Whether quantity or quality, water is never far from a headline in California. And in a recent California court of appeal decision, the court addressed whether public agency water districts could be held liable for private property damage allegedly caused by the agencies’ treatment of potable water. The court of appeal unanimously held that public agency water districts are not liable for property damage allegedly caused by the authorized use of chloramine, a common water disinfectant.
In Williams v. Moulton Niguel Water District, the plaintiff homeowners alleged that the use of chloramine to treat tap water caused damage (i.e., pinholes) to their copper piping and sought to recover damages from the water districts under claims of nuisance and inverse condemnation. The court of appeal affirmed the trial court decision that the use of the disinfectant within the parameters authorized by state and federal regulations could not be the basis of liability. As to plaintiffs’ nuisance claim, the court held that the water districts are legally immune from liability for any authorized act that is done under the express terms of a statute or regulation. Since the alleged pinhole leaks were a consequence of an authorized act, i.e., using chloramine within its authorized limits, a claim for nuisance fell within the scope of this statutory immunity.
Plaintiffs’ claim of inverse condemnation fared no better. Here, the court held that the water districts are not liable to the homeowners under an inverse condemnation theory – private property taken or damaged by the government for public use – for actions authorized by regulation but causing private property damage. According to the court, the homeowners’ “unusual” inverse condemnation claim was more similar to a products liability theory against a public agency for which the legislature must decide whether a basis for liability exists.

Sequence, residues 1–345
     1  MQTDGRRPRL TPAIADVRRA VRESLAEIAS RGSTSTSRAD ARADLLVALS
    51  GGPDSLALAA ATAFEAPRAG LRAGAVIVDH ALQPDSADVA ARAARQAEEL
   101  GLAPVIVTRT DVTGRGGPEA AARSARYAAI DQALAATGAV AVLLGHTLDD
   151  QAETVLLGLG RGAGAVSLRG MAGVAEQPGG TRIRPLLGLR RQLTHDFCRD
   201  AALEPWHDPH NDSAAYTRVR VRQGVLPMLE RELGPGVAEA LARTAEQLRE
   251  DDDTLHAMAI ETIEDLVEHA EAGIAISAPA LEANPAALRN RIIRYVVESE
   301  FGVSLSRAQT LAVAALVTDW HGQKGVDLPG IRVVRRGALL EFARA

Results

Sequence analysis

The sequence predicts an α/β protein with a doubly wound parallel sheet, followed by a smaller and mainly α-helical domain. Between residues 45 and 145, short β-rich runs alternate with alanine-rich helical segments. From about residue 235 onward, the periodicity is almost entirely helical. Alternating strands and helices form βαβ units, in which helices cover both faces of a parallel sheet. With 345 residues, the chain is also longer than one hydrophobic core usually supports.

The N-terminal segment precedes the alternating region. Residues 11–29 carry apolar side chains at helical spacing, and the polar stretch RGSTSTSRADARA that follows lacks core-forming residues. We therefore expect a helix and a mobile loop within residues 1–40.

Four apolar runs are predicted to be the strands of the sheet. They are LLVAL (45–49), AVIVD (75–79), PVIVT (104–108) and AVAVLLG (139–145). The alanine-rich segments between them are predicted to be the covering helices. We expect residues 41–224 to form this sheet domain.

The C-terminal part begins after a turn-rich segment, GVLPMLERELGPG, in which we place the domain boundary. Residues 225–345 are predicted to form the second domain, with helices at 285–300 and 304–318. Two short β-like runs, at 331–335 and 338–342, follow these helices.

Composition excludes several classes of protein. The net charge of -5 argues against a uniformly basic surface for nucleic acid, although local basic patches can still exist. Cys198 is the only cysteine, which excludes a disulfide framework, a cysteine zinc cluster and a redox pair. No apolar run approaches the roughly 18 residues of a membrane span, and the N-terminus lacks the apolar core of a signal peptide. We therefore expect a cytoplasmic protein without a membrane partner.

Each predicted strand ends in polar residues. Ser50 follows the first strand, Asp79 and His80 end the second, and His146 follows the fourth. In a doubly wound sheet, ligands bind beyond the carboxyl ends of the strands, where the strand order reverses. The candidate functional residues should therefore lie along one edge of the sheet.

The court admitted its reluctance to extend inverse condemnation liability to include actions authorized by regulation which, as a consequence, cause private property damage. The court identified two reasons for not extending such liability. First, the homeowners here were not singled out to bear any unfair burden because millions of Southern California residents receive the same water containing chloramine. Second, the court reasoned that the homeowners “invited” the delivery of water allegedly causing the pinhole leaks, unlike other cases where water was “uninvited” (e.g., floods) and therefore created inverse condemnation liability.
As a result of the Williams holding, similarly-situated homeowners must look to other legal theories and/or parties other than the public agency water purveyors to recover their repair costs. But with residential copper piping having been largely phased-out and replaced by PEX polyethylene piping since 2009, homeowners’ attorneys must evaluate whether builders who installed copper piping are able to avoid liability for repair costs due to California’s 10 year statute of repose. If so, this may leave homeowners to bear the repair costs.
Aaron J. Flores has been involved in the construction industry for over two decades. He represents businesses and public agencies in all sectors of the construction industry, including heavy industrial, transportation, infrastructure, architectural and engineering, commercial, retail, and residential. If you would like additional information about the subject matter of this bulletin, please contact Aaron J. Flores at email@example.com.